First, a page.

It’s pretty clear that when God gave commands in Genesis 1, those things happened.
“Let there be light!” and Bam! There’s light.
And God said, “Let the water under the sky be gathered to one place, and let dry ground appear.” And it was so.
There’s a principle illustrated here: When God gives a command, power is released in that command to accomplish what is commanded.
For years, I misunderstood this. I heard (for I had been taught) “Be holy as I am holy” as instruction for how I needed to direct my own efforts.
“God says to be holy, so you need to follow all these holy rules in order to accomplish holiness. The best you can.”
“God says, ‘Go and sin no more,’ so you need to know all the Do’s and Don’ts and make sure you follow every one carefully for the rest of your life.”
I’ve since learned that this is complete hogwash. And it’s an insult to God.
God gives me a gift, “Be holy, son; and here is the ability (and the desire) to be holy!” But I had ignored his gift and tried to come up with the same “holy” result through my own legalistic efforts.
What a nightmare.
But once I quit focusing on the list of Do’s and Don’ts and just focused on my Father, once I gave my heart freedom (gasp!) to love him, my desire for sin left, and with it, my choice to sin.
I began to experience holiness. In my life. Mine! My own!
I’ve been reflecting on this process (with substantial thanksgiving!) recently, and then in this context, “Be transformed by the renewing of your mind” (Romans 12:2) came to mind.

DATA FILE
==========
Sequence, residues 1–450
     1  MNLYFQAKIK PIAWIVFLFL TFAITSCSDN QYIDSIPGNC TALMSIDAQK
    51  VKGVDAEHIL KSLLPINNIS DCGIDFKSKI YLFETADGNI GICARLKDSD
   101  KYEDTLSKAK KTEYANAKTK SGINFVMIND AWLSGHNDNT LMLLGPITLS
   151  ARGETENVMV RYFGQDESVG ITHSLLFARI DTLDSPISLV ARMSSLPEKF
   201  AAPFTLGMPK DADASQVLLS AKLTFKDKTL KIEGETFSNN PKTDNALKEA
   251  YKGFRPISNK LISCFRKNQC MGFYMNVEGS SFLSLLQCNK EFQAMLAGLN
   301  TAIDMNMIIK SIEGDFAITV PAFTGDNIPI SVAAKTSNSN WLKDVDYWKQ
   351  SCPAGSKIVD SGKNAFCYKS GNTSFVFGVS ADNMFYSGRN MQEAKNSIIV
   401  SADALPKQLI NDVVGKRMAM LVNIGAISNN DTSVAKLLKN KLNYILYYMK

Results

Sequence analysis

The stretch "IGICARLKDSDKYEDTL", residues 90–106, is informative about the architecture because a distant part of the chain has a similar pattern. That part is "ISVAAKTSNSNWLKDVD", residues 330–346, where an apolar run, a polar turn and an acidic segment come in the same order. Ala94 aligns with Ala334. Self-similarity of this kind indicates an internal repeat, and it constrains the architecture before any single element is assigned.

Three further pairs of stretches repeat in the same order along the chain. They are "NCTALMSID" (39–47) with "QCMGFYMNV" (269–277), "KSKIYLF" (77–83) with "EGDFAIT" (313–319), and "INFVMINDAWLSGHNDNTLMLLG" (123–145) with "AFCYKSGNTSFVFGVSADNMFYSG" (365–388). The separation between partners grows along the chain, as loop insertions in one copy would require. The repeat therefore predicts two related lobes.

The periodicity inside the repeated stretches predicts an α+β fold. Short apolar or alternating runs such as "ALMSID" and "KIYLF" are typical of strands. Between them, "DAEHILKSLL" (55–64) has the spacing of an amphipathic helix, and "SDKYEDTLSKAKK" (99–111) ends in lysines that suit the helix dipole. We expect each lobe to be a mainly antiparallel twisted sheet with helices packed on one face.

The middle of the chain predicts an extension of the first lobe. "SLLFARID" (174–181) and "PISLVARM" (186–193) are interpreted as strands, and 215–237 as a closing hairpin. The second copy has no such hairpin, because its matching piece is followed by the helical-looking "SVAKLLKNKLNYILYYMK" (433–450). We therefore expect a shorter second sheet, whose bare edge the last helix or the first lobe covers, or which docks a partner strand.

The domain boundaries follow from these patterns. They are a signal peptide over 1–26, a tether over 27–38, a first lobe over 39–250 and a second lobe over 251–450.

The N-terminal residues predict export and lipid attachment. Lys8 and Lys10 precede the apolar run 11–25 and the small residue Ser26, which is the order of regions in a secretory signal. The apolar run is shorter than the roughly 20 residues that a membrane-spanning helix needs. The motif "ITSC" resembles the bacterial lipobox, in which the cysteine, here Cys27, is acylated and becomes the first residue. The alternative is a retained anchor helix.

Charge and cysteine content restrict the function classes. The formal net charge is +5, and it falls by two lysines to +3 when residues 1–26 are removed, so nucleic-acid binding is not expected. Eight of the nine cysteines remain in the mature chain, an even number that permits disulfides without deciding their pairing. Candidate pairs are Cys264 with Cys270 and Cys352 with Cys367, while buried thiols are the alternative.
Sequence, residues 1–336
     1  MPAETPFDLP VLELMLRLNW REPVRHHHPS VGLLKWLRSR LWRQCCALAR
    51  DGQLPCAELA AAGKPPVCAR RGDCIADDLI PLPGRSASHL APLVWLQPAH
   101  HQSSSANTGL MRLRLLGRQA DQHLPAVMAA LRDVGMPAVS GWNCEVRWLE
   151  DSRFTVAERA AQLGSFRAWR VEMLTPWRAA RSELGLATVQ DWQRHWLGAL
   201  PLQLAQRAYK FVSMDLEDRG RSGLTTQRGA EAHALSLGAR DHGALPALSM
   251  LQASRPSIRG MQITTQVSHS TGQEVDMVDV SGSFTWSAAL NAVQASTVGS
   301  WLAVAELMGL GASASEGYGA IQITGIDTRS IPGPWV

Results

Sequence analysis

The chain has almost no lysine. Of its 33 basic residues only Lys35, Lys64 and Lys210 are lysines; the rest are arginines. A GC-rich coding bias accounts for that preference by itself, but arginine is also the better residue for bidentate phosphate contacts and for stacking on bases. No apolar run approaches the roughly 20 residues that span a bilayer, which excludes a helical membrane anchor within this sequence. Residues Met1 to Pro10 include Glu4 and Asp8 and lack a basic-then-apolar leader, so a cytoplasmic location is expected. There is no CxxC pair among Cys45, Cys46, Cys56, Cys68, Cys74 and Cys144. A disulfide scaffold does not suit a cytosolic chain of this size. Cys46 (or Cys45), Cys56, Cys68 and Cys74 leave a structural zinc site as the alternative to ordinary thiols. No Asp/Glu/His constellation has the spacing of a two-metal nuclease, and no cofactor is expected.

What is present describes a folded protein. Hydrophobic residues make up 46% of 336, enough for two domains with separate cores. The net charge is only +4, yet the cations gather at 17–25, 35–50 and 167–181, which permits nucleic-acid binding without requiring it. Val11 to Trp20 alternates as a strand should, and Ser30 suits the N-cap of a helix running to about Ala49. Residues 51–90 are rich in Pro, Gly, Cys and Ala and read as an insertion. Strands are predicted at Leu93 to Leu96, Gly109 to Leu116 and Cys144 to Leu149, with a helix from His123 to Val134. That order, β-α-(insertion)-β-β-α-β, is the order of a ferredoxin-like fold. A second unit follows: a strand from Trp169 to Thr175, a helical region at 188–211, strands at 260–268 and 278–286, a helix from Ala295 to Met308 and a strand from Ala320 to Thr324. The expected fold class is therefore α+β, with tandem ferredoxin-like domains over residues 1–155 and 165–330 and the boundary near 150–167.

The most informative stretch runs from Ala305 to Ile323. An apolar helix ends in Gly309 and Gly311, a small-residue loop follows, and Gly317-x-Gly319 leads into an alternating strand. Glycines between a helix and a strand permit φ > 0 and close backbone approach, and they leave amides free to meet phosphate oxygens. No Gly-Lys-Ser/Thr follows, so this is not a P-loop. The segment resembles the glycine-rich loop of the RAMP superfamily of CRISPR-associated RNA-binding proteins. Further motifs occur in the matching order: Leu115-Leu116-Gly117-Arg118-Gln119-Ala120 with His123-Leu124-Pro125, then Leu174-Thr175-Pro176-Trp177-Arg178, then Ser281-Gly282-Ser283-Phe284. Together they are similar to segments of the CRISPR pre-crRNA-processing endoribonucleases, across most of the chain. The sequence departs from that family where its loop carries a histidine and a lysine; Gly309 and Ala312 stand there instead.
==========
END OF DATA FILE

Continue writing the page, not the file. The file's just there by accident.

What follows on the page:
“Transformed” means changed, in structure, in appearance, even in genetics. Literally.
So how would I even recognize it when that transforming happens to me?
“Think about Easter, Son. Where was Jesus before dawn on that first Easter?”
Jesus was in the grave. He might have been preaching in hell, but he was between death and resurrection. (Around here, we call that “dead.” As in, “Jesus was dead.”)
But Jesus went into the grave as one kind of a man, one kind of flesh-and-blood, and came out another. If nothing else, he could walk through walls, afterwards. I’ll bet there were other changes, too.
He had been transformed, after. So right then, in the grave at that first Easter weekend, Jesus was being transformed.
At that point, my mind was spinning with religious thoughts like “dying to self,” and “being hidden away, cocooned,” and “renewing my mind,” in order to “be transformed.”
Father interrupted my thoughts. “What makes you think I’m not transforming you right now, right here as we talk? As we walk together every day? This isn’t something you do, Son. This is something I do.
“And if I can transform Jesus, even while he was dead, don’t you think I can transform you while you’re not even dead? “Trust me, Son.”
I’m a grateful son. I’m thankful.
And then it hit me: that’s the secret. The sentence continues: “Be transformed by the renewing of your mind.”
Choosing to be thankful, even excited, for who he is and what he’s done and well… maybe just living thankfully, that’s the key that he works through. Or at least one of them.